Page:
The country’s balance of payments (BOP) surplus and gross international reserves (GIR) were both lower as of end-April due to government payments of maturing foreign loans, according to the Bangko Sentral ng Pilipinas (BSP).
The BOP surplus dropped to $79 million as of end-April from $495 million in March after incurring a $415 million deficit for the month of April. The shortfall in April was the biggest monthly deficit so far this year.
The BSP also reported a final foreign exchange reserves of $105.4 billion as of end-April, which was much lower than what it initially announced in mid-May of $106.76 billion. The US dollar buffer declined by $1.91 billion from end-March’s $107.31 billion.
Meantime, the small BOP surplus of $79 million as of end-April was a reversal of the $231 million deficit same time in 2021. “Based on preliminary data, the cumulative BOP surplus reflected inflows that stemmed mainly from personal remittances, net foreign borrowings by the NG (National Government), and foreign direct investments,” said the BSP.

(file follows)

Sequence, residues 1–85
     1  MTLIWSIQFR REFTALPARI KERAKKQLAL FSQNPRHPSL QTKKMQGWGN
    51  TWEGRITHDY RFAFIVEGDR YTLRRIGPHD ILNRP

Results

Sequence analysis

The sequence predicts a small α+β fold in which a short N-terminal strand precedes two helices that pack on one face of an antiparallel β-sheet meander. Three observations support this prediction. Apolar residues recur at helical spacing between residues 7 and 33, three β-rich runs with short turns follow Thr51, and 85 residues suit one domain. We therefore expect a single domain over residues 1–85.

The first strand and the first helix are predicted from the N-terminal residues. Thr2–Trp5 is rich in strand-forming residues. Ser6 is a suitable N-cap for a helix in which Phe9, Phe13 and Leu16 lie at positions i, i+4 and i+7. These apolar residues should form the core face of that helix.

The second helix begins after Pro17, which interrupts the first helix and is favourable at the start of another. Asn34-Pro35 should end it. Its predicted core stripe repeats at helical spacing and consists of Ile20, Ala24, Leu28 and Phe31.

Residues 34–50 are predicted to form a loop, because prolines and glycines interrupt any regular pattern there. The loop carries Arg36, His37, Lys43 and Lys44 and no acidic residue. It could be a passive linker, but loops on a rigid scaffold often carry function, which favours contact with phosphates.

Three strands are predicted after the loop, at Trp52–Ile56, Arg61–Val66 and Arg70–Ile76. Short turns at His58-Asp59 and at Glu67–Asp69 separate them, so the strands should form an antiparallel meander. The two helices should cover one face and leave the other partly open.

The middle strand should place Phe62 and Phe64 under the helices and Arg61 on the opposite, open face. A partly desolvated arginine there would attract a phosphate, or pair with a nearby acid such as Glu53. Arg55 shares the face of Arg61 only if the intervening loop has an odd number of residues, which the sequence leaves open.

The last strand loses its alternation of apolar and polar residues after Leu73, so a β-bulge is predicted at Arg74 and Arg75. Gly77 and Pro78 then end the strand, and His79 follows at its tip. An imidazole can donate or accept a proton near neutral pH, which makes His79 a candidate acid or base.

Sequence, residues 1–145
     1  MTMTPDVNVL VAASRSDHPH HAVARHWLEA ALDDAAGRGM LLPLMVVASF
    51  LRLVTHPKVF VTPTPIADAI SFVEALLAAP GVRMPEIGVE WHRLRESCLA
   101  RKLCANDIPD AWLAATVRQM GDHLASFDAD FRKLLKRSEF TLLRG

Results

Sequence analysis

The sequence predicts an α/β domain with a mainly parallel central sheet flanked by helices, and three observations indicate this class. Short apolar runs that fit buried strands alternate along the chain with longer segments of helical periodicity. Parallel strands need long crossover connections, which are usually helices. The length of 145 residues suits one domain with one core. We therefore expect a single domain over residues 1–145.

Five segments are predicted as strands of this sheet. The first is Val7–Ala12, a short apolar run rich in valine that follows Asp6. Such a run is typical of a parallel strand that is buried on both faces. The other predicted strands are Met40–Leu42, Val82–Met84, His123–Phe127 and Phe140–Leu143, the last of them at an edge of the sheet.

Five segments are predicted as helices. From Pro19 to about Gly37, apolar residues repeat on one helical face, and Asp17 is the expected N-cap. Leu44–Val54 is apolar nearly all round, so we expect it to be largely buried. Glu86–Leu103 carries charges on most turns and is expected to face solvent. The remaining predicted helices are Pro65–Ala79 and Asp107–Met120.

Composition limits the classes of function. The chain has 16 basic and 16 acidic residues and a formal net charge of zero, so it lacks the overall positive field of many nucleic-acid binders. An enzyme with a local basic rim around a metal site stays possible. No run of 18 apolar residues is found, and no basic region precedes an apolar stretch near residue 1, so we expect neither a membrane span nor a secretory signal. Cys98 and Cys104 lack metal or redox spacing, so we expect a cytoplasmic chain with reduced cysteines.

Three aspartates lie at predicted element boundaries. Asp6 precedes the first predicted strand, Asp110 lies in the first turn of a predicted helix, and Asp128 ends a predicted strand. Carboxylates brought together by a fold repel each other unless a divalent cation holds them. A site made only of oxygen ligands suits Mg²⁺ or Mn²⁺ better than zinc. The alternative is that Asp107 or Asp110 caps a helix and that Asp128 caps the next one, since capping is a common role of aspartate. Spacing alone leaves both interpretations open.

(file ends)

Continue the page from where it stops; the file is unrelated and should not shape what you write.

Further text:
As for the $415 million deficit for the month of April only, this was due to outflows as the NG transacted foreign currency withdrawals from its deposits with the BSP to settle its foreign currency debt obligations and partly for expenditures.
For 2022, the BSP forecasts a BOP deficit of $4.3 billion because of lingering global uncertainties amid the Russia-Ukraine war and its impact on international markets such as commodity prices. Last year, the country’s BOP was in a surplus position of $1.34 billion but it was significantly lower from 2020’s $16 billion surplus.
The BSP said the updated GIR level is still considered adequate external liquidity buffer. It is equivalent to 9.3 months’ worth of imports of goods and payments of services and primary income, and about 6.7 times the country’s short-term external debt based on original maturity and 4.5 times based on residual maturity.
The GIR forecast remains at $108 billion for this year. The GIR will still be supported by foreign borrowings by the government and potential increase in the volume of gold purchases, said the BSP.
At the end of 2021, the country’s outstanding external debt stood at $106.43 billion, up by 8.1 percent from $98.49 billion in 2020. The external debt is now bigger than the GIR level as of end-April of $105.4 billion.
The BSP said external debt has remained at manageable levels in terms of GDP ratio in 2021 and in 2020. As a solvency indicator, the GDP ratio still “indicates the country’s sustained strong position to service foreign borrowings in the medium to long-term,” said the BSP.